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Quotation of the Day…

… is from page 49 of UCLA economist William Allen’s splendid 1989 collection of the transcripts of his radio addresses, The Midnight Economist; specifically, it’s from Allen’s August 1985 radio address entitled “Ideology, Economics, and Survival” (original emphases):

imagesA free society, by its nature, is bound together and operates through devices and channels of individual aspirations and anticipations.  It relies not on authoritarian decrees enforced with the thumb screw, but on induced coordination of largely autonomous people who, in pursuing their personal ends, contribute to the well-being of the community.

DBx: This vital truth – despite being featured prominently in the works of great scholars such as Adam Smith, F.A. Hayek, Ronald Coase, Milton Friedman, Armen Alchian, and Jim Buchanan – is largely unknown or rejected.

One error made by those who reject this truth is to misunderstand what is meant by what Allen calls “individual aspirations and anticipations.”  This phrase does not refer only, or even chiefly, to aspirations that each individual comes to possess on his or her own, uninfluenced by his or her environment and by other individuals.  Every sensible student of human beings or of society understands that the tastes, preferences, beliefs, values, hopes, and expectations that each person has are greatly influenced by that person’s life experiences and by the ideas that he or she encounters throughout life.  We are social creatures.  Yet the fact remains that every aspiration and anticipation that is held is held by an individual (or, usually, by each of many individuals).  They are not held by society as such – or by the state, or by the market, or by the community, or by the collective, or by “business,” or by “labor,” or by this or that generation, or by this or that class, or by any thing or process other than individuals.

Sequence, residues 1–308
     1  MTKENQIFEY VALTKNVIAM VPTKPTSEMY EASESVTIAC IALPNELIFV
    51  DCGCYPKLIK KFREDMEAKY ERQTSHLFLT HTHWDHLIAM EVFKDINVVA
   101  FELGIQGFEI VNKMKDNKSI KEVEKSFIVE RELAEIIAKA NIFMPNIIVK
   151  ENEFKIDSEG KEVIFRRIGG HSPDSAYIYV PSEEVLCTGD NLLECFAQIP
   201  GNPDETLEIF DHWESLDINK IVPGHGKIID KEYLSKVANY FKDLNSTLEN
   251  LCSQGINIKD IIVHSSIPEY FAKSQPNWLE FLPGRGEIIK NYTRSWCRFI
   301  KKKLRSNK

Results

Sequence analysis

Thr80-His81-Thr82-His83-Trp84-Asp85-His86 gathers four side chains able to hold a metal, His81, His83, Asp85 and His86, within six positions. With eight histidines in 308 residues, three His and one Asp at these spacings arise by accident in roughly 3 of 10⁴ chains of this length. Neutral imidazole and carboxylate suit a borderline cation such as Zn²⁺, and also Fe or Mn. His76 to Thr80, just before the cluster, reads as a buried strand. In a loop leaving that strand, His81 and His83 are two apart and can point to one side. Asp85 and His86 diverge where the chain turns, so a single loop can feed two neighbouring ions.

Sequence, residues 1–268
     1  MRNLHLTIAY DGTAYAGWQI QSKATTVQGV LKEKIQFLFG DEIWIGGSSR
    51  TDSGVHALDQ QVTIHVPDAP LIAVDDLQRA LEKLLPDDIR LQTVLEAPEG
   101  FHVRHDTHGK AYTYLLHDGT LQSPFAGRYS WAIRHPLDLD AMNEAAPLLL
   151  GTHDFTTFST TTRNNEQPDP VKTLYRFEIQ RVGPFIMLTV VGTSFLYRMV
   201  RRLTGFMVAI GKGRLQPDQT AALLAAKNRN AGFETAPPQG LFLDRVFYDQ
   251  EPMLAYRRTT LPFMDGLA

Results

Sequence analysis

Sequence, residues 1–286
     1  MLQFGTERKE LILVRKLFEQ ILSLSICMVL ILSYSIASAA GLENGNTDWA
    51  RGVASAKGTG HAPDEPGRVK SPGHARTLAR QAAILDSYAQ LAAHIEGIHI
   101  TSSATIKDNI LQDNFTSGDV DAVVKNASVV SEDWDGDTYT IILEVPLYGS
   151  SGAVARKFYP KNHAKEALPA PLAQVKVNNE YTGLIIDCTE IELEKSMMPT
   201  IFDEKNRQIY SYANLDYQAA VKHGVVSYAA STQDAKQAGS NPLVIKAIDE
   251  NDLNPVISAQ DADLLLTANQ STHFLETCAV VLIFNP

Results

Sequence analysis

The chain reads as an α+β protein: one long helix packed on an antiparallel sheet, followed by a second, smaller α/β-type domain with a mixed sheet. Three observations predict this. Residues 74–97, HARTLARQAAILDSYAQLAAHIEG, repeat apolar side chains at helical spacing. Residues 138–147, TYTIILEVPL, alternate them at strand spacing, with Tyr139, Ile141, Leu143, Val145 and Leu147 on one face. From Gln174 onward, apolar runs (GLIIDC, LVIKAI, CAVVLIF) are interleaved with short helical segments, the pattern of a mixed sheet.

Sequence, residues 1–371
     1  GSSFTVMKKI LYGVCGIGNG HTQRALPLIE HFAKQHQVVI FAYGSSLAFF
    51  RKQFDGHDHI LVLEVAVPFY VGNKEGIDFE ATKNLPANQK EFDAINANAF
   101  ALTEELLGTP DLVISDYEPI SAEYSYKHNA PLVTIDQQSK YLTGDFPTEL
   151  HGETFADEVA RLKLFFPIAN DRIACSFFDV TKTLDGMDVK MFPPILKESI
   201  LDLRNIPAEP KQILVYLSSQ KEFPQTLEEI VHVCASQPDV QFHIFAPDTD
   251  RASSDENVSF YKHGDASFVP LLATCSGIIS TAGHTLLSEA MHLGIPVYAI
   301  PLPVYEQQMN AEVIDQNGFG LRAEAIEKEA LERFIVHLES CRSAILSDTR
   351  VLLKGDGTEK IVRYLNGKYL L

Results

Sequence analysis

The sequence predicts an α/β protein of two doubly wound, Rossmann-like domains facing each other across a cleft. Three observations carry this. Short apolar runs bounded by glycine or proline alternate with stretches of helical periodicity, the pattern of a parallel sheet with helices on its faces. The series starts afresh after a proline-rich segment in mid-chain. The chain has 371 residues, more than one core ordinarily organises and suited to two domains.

Similarly, to describe people as “autonomous” (as Allen does) is not to deny that each of us is immensely influenced by the actions, ideas, and desires of others.  What Allen here means is that, ultimately, each and every action is taken by an individual and that that acting individual – however influenced he or she might be by other people and by his or her environment – ultimately has the choice to act or not in whatever particular manner is open to him or her.  Human beings are not robots under the direction of some mastermind.

Finally, the “induced coordination” that Allen celebrates here – the induced coordination that occurs in a free society – is largely, although not exclusively, achieved through the private-property-based market process that generates prices that each of us use, many times daily, to guide our actions toward countless strangers.


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